Sat at my desk, Friday afternoon, coffee in hand, my mind started to wander (still within the realm of work I might add). But I started to think about some big ideas, you know the ones, the ones which a CEO has that may need - how shall we put it? - “translation”, before they can become reality.
Whilst setting out long-term plans for growth is an integral part of every business, and having a CEO and senior team with a clear vision and tonnes of ideas is both necessary and inspirational, in the real world it’s people like me who understand the long-term and time-intensive nature of the project. But how do you communicate this when you need to ooze enthusiasm, tactfully convince your boss you’re on top of best-practice, and avoid being a killjoy?
In fact, this was a challenge I had to rise to after bumping into the CEO in one of those awkward, fleeting corridor encounters you dread while I was still imagining myself as the IT Guardian Angel:
“Oh Joe, I was reading an article the other day about how our leading competitor has increased margins and reduced time-to-market by automating a big chunk of their processes – why can’t we do this?” That punctured my day dream with a needle. Sure, the benefits of increasing the level of automation across the supply chain are undeniable. Connected devices producing a continuous flow of information from the machine to the customer all at a faster and more efficient rate – as he was saying it, I could see the boxes on my mental wish-list being ticked off. For a mid-sized manufacturer like us, this could be the golden key to growth, increased customer satisfaction and increased productive capacity.
Unfortunately the rose-tinted view of our CEO isn’t always reality. It’s not to say that his vision is unachievable, it’s just a question of whether we’re ready to take the leap and move towards a more connected and automated manufacturing environment where new systems can be used to marry Internet of Things technology, cloud computing and increased data storage and exchange. Or, to put that more simply: embracing so-called ‘industry 4.0’.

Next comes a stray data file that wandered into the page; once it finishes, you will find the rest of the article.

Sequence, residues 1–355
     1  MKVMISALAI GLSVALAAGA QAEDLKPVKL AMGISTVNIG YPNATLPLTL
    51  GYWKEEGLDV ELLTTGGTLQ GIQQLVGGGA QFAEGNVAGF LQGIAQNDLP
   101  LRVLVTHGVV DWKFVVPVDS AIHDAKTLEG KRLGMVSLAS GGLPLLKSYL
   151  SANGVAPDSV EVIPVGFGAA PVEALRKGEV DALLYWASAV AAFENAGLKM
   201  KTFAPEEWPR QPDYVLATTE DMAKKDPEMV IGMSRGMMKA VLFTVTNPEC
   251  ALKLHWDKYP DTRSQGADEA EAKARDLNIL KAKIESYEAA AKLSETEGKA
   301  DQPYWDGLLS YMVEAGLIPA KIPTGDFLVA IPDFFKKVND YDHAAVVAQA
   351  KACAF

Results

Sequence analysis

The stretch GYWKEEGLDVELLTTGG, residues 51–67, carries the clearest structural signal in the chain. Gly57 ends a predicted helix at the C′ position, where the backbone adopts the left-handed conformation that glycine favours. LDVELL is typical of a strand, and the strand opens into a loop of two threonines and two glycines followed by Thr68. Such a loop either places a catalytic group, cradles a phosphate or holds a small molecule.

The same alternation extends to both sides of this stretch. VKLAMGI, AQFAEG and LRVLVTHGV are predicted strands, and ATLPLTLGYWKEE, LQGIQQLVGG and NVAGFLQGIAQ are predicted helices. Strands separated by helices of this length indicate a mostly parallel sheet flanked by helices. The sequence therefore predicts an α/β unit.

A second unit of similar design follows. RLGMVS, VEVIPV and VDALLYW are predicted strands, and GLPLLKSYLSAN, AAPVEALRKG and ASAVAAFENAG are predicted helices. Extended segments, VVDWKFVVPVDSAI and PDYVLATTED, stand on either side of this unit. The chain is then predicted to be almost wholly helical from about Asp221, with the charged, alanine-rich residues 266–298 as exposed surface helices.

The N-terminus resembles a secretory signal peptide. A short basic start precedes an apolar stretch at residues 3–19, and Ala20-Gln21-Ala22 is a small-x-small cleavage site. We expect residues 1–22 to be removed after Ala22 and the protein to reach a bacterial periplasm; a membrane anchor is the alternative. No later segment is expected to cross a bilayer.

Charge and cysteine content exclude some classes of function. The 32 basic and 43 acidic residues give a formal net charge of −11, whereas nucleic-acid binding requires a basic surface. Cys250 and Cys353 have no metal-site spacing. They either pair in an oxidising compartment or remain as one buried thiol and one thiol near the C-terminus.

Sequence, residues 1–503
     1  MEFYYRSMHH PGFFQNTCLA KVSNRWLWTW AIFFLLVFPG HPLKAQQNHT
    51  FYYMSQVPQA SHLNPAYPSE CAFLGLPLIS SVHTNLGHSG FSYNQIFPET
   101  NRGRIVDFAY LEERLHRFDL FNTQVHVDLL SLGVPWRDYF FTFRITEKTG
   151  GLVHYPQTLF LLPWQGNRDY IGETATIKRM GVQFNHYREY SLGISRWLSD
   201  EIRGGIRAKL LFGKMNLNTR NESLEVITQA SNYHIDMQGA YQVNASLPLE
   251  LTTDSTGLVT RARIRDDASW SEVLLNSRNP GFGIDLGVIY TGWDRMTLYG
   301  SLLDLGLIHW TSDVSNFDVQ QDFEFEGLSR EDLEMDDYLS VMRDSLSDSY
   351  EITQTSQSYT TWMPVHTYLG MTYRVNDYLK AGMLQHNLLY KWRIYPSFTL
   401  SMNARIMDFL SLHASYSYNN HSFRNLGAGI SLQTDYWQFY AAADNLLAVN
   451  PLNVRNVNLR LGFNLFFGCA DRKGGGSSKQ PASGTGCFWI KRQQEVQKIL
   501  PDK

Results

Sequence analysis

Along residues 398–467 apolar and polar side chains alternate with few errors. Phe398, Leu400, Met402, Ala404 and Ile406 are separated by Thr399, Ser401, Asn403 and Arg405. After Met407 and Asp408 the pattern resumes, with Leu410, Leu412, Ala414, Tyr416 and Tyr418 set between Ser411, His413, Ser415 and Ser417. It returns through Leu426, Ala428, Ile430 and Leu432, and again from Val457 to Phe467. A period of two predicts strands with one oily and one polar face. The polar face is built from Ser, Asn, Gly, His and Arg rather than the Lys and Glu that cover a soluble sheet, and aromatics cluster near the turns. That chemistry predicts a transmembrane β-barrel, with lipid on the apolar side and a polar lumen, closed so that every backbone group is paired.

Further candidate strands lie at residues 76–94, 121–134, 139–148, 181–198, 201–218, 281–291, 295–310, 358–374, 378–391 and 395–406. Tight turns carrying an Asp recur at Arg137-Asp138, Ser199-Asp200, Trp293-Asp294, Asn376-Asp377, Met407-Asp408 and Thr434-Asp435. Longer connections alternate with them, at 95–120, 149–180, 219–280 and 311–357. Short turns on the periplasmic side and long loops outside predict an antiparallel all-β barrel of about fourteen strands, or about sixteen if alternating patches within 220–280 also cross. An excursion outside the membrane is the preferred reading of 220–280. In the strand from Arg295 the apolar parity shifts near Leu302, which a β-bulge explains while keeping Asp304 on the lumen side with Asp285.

I know what he’s concerned about; he’s worried we’re lagging behind. He wants to use technology as a differentiator, to increase the speed and efficiency at which we are producing goods, improving supply chain communications and ultimately increasing customer satisfaction. These are all legitimate concerns but the crucial question for me is whether our existing ERP environment is compatible with the industry 4.0 environment. It’s not just a case of increased data management, it’s also the fact that it might mean significant expense – the upgrade, the development and maintenance all costs money, and we simply can’t deliver on this vision with our existing systems.
I agree with him - Industry 4.0 offers manufacturers like us immense opportunity, but I’m not sure he understands just how unprepared we currently are. Outside of my IT world, there are other, customer experience considerations to take into account. What’s key to remember is that it isn’t about robots taking over the place and replacing every ounce of human interaction. People on the ground are fundamental to offer face-to-face consultation and ensure the new systems work smoothly – that’s the essence of satisfying customers and maintaining relationships with the supply chain
While all this was whirling around in my head, and a little voice was saying “This is the man who pays your wages!”, what I actually said was: “Yes, I saw that article too. It really does chime in with what I’m hoping to introduce here.” Then I heard myself saying: “Can I provide you with some more details of what I’m looking at for us?” Of course, get some time in the diary, he said.
So now I need to translate that vision of moving to more automated processes to increase customer satisfaction and improve efficiency into reality, propose what our first steps should be and question whether we’re prepared to begin exploring the growth opportunities.
Better head off now. I’ve got an IT infrastructure to critique and a presentation to develop.
This content is supplied by Epicor Software, a provider of industry-specific enterprise software.
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